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V13 2010 INDEX       E-SYLUM ARCHIVE

The E-Sylum: Volume 13, Number 28, July 11, 2010, Article 19

HUGE 3RD CENTURY ROMAN COIN FIND

Dave Sundman and Dick Hanscom forwarded this article from the BBC News. -Editor

Huge Roman Coin Find One of the largest ever finds of Roman coins in Britain has been made by a man using a metal detector.

The hoard of more than 52,000 coins dating from the 3rd Century AD was found buried in a field near Frome in Somerset.

The coins were found in a huge jar just over a foot (30cm) below the surface by Dave Crisp, from Devizes in Wiltshire.

Since the discovery in late April, experts from the Portable Antiquities Scheme at the British Museum have been working through the find.

The coins were all contained in a single clay pot. Although it only measured 18in (45cm) across, the coins were packed inside and would have weighed an estimated 160kg (350lb).

"I don't believe myself that this is a hoard of coins intended for recovery," says Sam Moorhead from the Portable Antiquities Scheme.

"I think what you could see is a community of people who are actually making offerings and they are each pouring in their own contribution to a communal ritual votive offering to the gods."

It is estimated the coins were worth about four years' pay for a legionary soldier.

"Because Mr Crisp resisted the temptation to dig up the coins, it has allowed archaeologists from Somerset County Council to carefully excavate the pot and its contents," said Anna Booth, local finds liaison officer.

To read the complete article, see: Huge Roman coins find for hobbyist (news.bbc.co.uk/2/hi/uk/10546960.stm)

Stu Williams writes:

What a wonderful opportunity to study a complete hoard of this magnitude. This could be very useful for mint and dielink studies. Reading the article I think they meant 'radiates' and wonder what part of the 3rd century they date from - that makes a huge difference. Stuart.

Thankfully there are good treasure trove laws in Britain. If that happened here in Ireland the hoard would have been secretly dispersed and the potential knowledge to be gained would have been lost. There is no incentive in Ireland to report archaeological finds only the threat of severe punishment by draconian laws, if found out.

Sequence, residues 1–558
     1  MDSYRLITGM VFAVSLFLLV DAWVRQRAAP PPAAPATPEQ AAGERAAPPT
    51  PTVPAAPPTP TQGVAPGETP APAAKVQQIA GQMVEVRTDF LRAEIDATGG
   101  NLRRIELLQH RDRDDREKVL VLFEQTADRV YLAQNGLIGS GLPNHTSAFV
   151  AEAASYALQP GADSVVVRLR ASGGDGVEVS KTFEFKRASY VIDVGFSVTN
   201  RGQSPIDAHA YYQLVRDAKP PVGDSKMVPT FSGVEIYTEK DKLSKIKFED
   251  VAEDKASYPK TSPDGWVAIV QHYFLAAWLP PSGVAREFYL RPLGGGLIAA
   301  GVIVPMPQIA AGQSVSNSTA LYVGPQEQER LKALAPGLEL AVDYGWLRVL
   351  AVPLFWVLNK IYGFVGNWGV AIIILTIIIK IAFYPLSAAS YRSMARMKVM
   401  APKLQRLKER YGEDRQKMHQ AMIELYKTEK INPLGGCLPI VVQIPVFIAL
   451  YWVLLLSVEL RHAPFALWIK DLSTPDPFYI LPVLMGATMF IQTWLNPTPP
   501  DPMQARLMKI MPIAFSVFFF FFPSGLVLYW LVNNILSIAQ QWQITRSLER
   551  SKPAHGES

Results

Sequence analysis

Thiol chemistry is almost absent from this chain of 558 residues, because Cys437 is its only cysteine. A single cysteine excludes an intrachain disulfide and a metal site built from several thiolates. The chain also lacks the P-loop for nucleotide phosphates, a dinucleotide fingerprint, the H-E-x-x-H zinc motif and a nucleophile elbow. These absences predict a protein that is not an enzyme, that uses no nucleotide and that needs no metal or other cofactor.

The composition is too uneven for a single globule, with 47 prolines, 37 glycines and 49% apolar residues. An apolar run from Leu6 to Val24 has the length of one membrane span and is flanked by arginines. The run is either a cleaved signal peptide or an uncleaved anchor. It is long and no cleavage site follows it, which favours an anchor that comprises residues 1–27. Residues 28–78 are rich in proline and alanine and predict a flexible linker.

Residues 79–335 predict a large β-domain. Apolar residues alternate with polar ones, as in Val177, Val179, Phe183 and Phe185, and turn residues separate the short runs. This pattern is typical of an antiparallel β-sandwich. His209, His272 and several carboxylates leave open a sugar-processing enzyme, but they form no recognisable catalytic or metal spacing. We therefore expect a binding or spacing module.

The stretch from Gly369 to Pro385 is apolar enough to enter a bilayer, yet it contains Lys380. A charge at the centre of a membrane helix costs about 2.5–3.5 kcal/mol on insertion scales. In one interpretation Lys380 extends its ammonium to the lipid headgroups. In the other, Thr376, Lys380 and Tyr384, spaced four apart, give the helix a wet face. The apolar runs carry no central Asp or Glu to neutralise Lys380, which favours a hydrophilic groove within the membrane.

Arthur Shippee found this related Associated Press article in the New York Times via Reuters. Dick Johnson found it in the Washington Post. Thanks! -Editor

Some of the coins are stamped with the image of Marcus Aurelius Carausius a military commander who seized power in the late third century and proclaimed himself emperor of Britain and northern Gaul.

Carausius who ruled from AD 286 to AD 293 was the first emperor to strike coins in Britain.

"This find presents us with an opportunity to put Carausius on the map," said Bland.

"School children across the country have been studying Roman Britain for decades, but are never taught about Carausius -- our lost British emperor."

To read the complete article, see: Big Roman Coin Hoard Found In Britain (www.nytimes.com/reuters/2010/07/08/test/life-us-britain-coins.html)

Max Spiegel found an article about the hoard on CNN.com. It was the first I'd seen to place a value on the find, and it has some GREAT pictures. Follow the article link to see more. -Editor

Roman Coin Find - the pot An amateur treasure hunter armed with a metal detector has found over 52,000 Roman coins worth $1 million buried in field, one of the largest ever such finds in the UK, said the British Museum.

Dave Crisp, a hospital chef, came across the buried treasure while searching for "metal objects" in a field near Frome, Somerset in southwestern England.

Roman Coin Find - example coin

To read the complete article, see: Amateur unearths 52,000 Roman coins worth $1m (www.cnn.com/2010/WORLD/europe/07/09/uk.roman.coin.treasure/)

Wayne Homren, Editor

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